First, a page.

I have been asked, by numerous readers, to intersperse my regular rants and raves with some beginner technical posts. So from this point on you will find the occasional article targeted for new users -- this one being one of them.
You're new to Linux. You've installed a distribution that seems to be working out just perfectly for you. But you've come up against a small hitch - you need to know your networking information. For whatever reason you need to know your IP Address, your hostname, your DNS addresses, and your gateway address. How do you find this information? You could go to your desktop environments' networking GUI tool, but that would depend upon the distribution and the desktop. So let's take a more universal approach to this task - the command line.
Although many newbies fear the command line, the tasks you will see below are a very simple way of getting to know both the command line AND your networking configuration.
The first bit of information we want to find out is the IP address of our machine. If you've used Windows enough, you know the command ipconfig will give you this bit of information (and more). For Linux, the command is ifconfig. If you issue the command without arguments you will see listed all addresses associated with all networking interfaces. A typical entry will look like:
eth0 Link encap:Ethernet HWaddr 00:30:1b:81:d3:f7
inet addr:192.168.1.108 Bcast:192.168.1.255 Mask:255.255.255.0
inet6 addr: fe80::230:1bff:fe81:d3f7/64 Scope:Link
UP BROADCAST RUNNING MULTICAST MTU:1500 Metric:1
RX packets:1610700 errors:0 dropped:0 overruns:0 frame:0
TX packets:1185599 errors:5 dropped:0 overruns:0 carrier:0
RX bytes:1790159713 (1.7 GB) TX bytes:160110456 (160.1 MB)Interrupt:32 Base address:0x2000
As you can see, the address you are looking for is the inet addr and, in this case, would be 192.168.1.108.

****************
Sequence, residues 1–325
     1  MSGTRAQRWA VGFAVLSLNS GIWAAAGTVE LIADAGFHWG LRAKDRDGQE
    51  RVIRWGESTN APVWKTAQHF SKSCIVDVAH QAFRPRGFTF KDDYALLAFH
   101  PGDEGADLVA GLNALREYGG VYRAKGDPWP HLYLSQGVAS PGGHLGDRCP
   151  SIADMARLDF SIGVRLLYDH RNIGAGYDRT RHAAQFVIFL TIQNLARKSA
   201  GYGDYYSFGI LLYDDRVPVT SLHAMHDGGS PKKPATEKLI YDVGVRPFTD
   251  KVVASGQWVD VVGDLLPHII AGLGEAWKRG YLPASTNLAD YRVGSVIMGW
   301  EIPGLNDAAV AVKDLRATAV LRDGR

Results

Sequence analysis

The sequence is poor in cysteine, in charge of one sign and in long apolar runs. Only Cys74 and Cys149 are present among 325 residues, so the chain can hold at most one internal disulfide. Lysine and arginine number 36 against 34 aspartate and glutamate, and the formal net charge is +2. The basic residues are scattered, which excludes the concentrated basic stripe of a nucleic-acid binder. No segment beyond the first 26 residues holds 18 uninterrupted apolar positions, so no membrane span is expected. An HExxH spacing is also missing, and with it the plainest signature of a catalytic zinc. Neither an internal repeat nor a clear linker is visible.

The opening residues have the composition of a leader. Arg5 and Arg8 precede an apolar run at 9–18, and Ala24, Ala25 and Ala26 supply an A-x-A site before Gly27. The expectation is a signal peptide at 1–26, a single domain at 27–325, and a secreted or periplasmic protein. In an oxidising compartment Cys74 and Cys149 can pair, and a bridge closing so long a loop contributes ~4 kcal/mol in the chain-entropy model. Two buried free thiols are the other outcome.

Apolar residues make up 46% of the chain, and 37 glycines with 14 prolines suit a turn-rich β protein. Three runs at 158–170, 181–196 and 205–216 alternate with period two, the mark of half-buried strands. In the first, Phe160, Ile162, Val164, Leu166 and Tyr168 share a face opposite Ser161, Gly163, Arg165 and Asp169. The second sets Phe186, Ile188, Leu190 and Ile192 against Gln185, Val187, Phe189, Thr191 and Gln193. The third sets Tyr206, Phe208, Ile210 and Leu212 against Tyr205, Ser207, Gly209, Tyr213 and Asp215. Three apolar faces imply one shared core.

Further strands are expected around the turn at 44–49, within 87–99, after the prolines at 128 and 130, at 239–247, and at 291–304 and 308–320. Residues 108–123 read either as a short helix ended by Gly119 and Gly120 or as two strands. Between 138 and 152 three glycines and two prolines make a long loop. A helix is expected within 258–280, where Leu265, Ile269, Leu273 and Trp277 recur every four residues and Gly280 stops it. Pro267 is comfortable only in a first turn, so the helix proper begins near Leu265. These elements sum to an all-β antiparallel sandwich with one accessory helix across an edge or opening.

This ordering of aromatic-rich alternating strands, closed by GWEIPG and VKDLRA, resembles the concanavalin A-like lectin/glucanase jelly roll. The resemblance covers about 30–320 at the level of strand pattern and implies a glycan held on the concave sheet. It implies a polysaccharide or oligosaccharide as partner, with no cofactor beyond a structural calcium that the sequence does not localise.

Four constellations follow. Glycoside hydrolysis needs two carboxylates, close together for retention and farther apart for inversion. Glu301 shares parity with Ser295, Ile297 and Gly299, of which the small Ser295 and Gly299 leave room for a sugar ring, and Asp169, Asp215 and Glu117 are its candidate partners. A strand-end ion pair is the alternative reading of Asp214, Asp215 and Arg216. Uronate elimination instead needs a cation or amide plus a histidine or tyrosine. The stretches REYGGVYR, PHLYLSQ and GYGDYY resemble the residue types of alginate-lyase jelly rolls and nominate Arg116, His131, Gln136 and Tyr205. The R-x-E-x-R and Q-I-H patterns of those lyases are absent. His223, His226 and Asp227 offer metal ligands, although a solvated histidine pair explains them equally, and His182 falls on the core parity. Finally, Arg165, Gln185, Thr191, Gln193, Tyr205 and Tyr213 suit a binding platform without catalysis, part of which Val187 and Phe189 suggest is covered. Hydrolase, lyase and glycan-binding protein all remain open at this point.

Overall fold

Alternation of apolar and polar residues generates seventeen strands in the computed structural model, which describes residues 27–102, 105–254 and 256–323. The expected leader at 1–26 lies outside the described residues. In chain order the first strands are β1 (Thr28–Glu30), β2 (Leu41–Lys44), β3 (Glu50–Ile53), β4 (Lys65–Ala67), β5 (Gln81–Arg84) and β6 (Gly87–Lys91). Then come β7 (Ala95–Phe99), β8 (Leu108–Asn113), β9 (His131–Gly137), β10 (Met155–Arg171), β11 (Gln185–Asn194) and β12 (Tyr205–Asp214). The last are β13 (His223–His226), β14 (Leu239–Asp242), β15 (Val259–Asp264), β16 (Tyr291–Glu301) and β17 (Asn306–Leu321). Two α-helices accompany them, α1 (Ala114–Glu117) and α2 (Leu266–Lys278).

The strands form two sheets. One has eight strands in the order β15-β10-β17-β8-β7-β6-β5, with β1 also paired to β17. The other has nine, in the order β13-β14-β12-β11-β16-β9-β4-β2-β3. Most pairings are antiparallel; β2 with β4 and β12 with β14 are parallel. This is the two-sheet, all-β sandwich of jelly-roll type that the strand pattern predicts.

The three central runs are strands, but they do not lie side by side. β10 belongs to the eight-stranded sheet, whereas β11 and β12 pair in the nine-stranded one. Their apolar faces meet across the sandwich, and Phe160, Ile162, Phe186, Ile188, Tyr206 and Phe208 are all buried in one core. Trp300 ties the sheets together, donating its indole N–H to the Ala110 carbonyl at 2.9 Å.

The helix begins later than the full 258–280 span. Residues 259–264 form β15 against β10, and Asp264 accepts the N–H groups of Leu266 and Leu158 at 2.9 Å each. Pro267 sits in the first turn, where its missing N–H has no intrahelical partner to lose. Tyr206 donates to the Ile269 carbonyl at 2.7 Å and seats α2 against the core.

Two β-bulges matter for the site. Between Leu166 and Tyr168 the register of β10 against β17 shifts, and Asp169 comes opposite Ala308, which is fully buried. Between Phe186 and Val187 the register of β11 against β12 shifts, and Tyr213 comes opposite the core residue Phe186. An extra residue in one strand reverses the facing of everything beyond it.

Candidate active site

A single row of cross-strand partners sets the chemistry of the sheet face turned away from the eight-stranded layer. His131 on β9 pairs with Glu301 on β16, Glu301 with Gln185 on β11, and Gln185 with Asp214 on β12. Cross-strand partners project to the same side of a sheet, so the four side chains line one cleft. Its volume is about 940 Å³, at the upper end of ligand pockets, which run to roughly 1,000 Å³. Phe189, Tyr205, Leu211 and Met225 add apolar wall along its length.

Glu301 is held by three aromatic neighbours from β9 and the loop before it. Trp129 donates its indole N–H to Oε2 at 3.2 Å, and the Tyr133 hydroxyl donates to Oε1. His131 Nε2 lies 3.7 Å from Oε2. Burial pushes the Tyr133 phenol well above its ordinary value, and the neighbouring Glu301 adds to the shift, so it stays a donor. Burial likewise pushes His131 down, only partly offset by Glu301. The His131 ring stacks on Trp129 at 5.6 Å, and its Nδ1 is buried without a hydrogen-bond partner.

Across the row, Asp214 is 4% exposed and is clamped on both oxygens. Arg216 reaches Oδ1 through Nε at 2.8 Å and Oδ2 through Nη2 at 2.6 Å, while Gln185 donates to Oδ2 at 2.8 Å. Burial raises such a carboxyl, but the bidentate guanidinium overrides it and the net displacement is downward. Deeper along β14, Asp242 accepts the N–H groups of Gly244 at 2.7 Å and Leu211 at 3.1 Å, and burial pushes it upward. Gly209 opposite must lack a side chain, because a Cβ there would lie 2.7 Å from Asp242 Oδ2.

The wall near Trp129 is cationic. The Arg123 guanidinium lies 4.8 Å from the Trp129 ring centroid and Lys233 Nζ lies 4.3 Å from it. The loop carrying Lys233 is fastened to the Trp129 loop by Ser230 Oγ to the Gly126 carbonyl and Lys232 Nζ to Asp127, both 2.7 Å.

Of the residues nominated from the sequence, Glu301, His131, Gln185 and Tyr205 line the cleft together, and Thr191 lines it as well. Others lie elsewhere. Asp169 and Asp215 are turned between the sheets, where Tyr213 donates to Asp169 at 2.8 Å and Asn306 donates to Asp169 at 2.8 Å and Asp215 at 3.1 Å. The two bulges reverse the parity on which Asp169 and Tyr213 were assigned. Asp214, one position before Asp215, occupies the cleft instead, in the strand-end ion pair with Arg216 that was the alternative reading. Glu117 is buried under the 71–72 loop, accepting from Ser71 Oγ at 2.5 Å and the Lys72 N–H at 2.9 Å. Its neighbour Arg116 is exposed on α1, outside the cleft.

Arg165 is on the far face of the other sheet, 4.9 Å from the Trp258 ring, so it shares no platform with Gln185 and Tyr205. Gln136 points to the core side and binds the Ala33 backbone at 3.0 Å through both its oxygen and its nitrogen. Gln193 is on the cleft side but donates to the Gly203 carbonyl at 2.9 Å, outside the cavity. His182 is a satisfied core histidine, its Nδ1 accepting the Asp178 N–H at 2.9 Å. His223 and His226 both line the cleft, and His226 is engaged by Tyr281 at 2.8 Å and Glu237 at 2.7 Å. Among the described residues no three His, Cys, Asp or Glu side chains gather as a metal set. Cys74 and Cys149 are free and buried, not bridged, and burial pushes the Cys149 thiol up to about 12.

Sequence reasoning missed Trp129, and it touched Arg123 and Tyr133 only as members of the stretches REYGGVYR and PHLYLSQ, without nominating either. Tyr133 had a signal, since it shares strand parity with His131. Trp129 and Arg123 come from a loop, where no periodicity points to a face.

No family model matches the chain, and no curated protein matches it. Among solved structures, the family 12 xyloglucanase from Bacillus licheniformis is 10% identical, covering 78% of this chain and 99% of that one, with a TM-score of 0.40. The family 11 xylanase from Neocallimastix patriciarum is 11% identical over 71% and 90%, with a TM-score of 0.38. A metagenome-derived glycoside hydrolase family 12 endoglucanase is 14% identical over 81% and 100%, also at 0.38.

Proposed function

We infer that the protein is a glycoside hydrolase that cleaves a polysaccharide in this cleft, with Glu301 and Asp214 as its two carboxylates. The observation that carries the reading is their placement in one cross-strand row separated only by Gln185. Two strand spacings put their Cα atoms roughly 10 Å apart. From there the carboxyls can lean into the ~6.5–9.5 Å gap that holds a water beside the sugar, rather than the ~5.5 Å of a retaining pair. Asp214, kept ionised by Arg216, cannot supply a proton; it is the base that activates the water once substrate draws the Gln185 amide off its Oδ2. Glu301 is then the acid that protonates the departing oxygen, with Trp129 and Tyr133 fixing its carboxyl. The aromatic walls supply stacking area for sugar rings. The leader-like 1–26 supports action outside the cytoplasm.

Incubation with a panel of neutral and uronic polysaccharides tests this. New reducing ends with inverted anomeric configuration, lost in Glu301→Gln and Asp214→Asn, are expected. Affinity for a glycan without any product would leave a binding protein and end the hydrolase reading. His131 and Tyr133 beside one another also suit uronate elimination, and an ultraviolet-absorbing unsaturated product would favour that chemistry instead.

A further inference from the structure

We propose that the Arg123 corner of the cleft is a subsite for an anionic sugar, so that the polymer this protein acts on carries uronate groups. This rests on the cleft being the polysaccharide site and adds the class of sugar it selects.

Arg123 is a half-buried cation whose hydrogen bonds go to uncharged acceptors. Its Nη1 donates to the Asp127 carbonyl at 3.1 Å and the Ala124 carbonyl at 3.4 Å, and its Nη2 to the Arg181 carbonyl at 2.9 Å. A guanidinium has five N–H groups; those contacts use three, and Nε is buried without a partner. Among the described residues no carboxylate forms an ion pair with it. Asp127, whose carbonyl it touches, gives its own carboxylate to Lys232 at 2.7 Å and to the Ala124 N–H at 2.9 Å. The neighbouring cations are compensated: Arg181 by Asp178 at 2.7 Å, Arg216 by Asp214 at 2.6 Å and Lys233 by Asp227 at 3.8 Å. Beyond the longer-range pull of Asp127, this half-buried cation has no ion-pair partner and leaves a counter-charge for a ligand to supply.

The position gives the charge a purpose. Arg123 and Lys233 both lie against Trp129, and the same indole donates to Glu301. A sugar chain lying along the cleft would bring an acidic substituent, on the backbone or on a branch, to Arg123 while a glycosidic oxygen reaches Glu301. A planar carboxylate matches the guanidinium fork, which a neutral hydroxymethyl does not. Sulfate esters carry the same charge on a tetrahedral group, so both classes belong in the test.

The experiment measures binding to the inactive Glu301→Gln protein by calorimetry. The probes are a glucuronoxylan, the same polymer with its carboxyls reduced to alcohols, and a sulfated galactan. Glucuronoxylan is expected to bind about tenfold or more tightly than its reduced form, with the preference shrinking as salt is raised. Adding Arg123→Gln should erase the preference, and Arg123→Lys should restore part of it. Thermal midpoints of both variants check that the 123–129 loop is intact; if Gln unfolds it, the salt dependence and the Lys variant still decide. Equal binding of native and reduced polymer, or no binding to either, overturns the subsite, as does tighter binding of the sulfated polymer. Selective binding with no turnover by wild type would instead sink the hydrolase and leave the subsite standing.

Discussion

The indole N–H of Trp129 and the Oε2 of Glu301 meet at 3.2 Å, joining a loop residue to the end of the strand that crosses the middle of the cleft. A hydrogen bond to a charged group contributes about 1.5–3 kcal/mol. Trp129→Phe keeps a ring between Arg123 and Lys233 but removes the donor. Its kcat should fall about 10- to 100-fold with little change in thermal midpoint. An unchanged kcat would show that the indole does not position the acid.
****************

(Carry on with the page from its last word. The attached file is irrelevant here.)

The next piece of information is the hostname. If you notice in your terminal window (the window you are running your commands in) you will see that your bash prompt looks like:
You can see a portion of the hostname there (in this case, "ubuntu"). To get the full hostname you would issue the command hostname. On my machine it's ubuntu.wallen.local.
To find your current DNS addresses, issue the command less /etc/resolv.conf which will reveal something like:
# Generated by NetworkManager
nameserver 18.104.22.168nameserver 22.214.171.124
Now we come to the gateway address. The command used to find your gateway, netstat, is a very powerful command that can print network connections, routing tables, interface statistics, NAT connections, and multicast memberships. For the purposes of this article we are going to issue the command using the n and r switches like so:
Which will output something like you see in Figure A. As you can see there are basically three addresses listed but only one address has an associated gateway. That solo gateway address listed in the gateway address for your machine.
Wrap it up
There you go. You have now used the command line and done so to gather up your basic networking information for your new Linux box. Pretty simple stuff eh? We'll continue on with new-user-friendly articles now and then and eventually those new users will be drilling down deeper and deeper into the Linux operating system.
Jack Wallen is an award-winning writer for Techrepublic and Linux.com. As an avid promoter/user of the Linux OS, Jack tries to convert as many users to open source as possible. His current favorite flavor of Linux is Bodhi Linux (a melding of Ubuntu and Enlightenment). When Jack isn't writing about Linux he is hard at work on his other writing career -- writing about zombies, various killers, super heroes, and just about everything else he can manipulate between the folds of reality. You can find Jack's books on Amazon, Barnes & Noble, and Smashwords. Outnumbered in his house one male to two females and three humans to six felines, Jack maintains his sanity by riding his mountain bike and working on his next books. For more news about Jack Wallen, visit his website Get Jack'd.